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Last week, as I was sorting through a box of bisque-fired pottery and deciding which pieces to glaze for the next wood firing, I broke a pot. Of course it was a bowl I was quite pleased with – I never break the failed experiments. I sat there, holding the pot and the shard I had carelessly snapped off, and I remembered some advice from my first pottery teacher during my first pottery lesson, more than ten years ago.

My thanks to editor Anne Burke who published this poem in Prairie Journal of Canadian Literature in 2008.

 

Pottery Class

the instructor says
don’t get too attached
and as weeks pass
I learn

how wet clay collapses
under unsure hands

how clay not properly prepared
cracks in the heat
of the kiln

how glaze applied
too thickly
runs
fuses to the kiln shelf

but I discover
the joy
of going home
with dirt under my fingernails
and smudges on my face

that to centre the clay
on the wheel
I must first
centre myself

weeks later
I hold the crooked bowl
from that first night
and allow myself
the satisfaction
knowing
even now
that it could fall

and I would have
to let it go

Driving North on Highway 43

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Somehow it is Thursday, and I haven’t posted anything here yet this week. I am starting to wonder if my goal of two posts a week is too ambitious, but rather than give up, I am allowing myself to bend the rules a bit and offer the occasional #throwbackthursday post.

This weekend I will be driving to Grande Prairie to visit friends. When I moved to Grande Prairie in May 2001, to start my first professional job as the Children’s Librarian at Grande Prairie Public Library, I had no idea how significant highway 43 – the highway south from Grande Prairie that led to the two places I called home at that time: my parent’s farm in Barrhead and Edmonton where most of my friends lived – would become to me over the next few years.

An excerpt of this poem was published in 2007 by the Calgary Herald in their Discovering Alberta series.

 

Driving North on Highway 43

 

1. the first time, from Barrhead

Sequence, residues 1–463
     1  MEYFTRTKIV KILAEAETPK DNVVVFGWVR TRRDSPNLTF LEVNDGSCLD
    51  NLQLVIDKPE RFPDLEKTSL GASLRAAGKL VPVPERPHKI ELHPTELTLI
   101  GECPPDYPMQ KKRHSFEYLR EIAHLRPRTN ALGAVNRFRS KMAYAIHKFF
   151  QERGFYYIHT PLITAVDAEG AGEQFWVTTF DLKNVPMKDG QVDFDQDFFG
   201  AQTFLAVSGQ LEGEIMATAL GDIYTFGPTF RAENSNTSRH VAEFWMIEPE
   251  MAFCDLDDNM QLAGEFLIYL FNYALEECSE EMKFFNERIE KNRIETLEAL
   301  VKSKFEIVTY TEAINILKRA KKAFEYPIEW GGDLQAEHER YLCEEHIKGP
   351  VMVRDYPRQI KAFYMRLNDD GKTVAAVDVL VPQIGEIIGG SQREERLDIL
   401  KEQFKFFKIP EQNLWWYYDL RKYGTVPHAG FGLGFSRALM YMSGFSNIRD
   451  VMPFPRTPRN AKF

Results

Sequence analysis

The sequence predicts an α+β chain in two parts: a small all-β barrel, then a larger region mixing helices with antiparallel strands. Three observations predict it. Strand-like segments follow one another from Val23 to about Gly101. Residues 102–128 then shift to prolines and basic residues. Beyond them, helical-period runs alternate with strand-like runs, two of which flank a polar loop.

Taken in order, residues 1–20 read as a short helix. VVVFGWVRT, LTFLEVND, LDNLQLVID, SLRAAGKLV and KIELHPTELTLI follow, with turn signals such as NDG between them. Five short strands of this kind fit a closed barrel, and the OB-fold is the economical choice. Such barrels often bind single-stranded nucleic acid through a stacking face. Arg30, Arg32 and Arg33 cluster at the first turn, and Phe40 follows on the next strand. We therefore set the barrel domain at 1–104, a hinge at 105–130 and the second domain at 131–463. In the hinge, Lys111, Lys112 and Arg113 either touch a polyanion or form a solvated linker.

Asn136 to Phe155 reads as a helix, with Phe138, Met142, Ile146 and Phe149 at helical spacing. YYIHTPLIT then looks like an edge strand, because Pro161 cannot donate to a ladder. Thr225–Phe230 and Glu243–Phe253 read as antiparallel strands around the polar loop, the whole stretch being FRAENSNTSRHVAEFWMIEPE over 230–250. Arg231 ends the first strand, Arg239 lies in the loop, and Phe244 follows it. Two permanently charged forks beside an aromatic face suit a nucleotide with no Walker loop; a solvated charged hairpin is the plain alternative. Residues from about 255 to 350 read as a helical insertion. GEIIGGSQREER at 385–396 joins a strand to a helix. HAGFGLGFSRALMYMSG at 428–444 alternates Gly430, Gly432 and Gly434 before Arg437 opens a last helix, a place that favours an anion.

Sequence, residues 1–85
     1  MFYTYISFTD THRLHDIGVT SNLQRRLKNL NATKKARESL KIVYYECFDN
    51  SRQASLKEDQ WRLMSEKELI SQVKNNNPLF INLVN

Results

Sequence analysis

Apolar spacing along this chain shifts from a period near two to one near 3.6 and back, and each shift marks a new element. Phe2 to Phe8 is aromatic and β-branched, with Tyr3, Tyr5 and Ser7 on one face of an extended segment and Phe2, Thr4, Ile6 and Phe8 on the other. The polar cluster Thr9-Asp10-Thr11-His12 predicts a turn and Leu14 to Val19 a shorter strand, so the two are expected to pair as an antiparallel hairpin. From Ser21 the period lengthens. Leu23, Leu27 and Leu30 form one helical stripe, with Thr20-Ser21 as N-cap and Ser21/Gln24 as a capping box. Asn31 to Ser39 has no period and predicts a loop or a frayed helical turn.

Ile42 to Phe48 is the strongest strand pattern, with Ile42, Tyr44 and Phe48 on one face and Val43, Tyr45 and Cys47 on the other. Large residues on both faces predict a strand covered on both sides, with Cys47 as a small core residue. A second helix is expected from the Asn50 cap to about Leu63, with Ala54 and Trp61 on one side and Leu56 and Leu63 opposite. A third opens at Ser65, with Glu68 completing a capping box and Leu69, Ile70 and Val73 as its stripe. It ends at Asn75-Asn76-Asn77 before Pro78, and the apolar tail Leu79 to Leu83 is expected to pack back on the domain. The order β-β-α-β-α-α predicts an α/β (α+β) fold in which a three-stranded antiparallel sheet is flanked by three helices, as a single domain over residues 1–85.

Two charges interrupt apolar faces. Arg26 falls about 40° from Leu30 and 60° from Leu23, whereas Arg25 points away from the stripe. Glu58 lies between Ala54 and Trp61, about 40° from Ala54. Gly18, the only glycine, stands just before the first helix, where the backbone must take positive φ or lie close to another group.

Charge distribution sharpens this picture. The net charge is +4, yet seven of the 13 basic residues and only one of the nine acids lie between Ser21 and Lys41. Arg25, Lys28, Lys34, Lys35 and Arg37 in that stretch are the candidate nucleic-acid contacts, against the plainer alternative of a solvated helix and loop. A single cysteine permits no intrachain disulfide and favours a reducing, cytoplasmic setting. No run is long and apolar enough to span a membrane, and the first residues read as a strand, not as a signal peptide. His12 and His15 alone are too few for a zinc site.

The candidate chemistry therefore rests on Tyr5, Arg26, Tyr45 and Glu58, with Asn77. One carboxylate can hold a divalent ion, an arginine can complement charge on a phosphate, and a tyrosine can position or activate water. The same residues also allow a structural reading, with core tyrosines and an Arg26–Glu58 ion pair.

I moved to Grande Prairie
and suddenly, home an
hour north of Edmonton
became south, and this highway
the umbilical cord
straining to pull me back
to the land that birthed me

 

2. and many times after that

I find myself on this road
driving south to north and north to south

to pass the time I count the creeks
that weave their way through trees
under the highway before disappearing
into the bush again and I wonder
who gave my favourite,
the tiny Chickadee, its name

eventually this highway and I
become uneasy friends
as I learn to forgive the slights of
oil patch trucks racing to work
and the sight of road-kill
decomposing on the shoulder

instead I look for beauty:
the valley at Bezanson
glorious in autumn
before the big wind
sweeps away the splendour;
a great horned owl perched on a sign
Fox Creek 46 km;
brush piles burning at dusk

mostly I drive straight through
but once I stopped at Kleskun Hills
climbed to the plateau
spent an hour lying in tall grass
watching sky change pretending
not to notice those first drops

 

3. close call

driving through Sturgeon Lake Reserve
in a blizzard blinded by whiteout

just over a rise snow shifts
reveals an oncoming semi
passing another semi
despite double solid lines
hidden under the snow

so I drive on the wide shoulder
knuckles white
the trucks roar past

as I pull back into my lane
the shape of a man appears

a dark shadow in the beam of the headlights
walking through the blizzard
just before the sign
to watch for pedestrians

 

4. seasons

driving north on highway 43
I witness the seasons
each with its own particular colour:
the new green of spring,
summer’s azure sky,
burnt umber, ice white

with each I become more
part of this northern place until home
is at both ends of the highway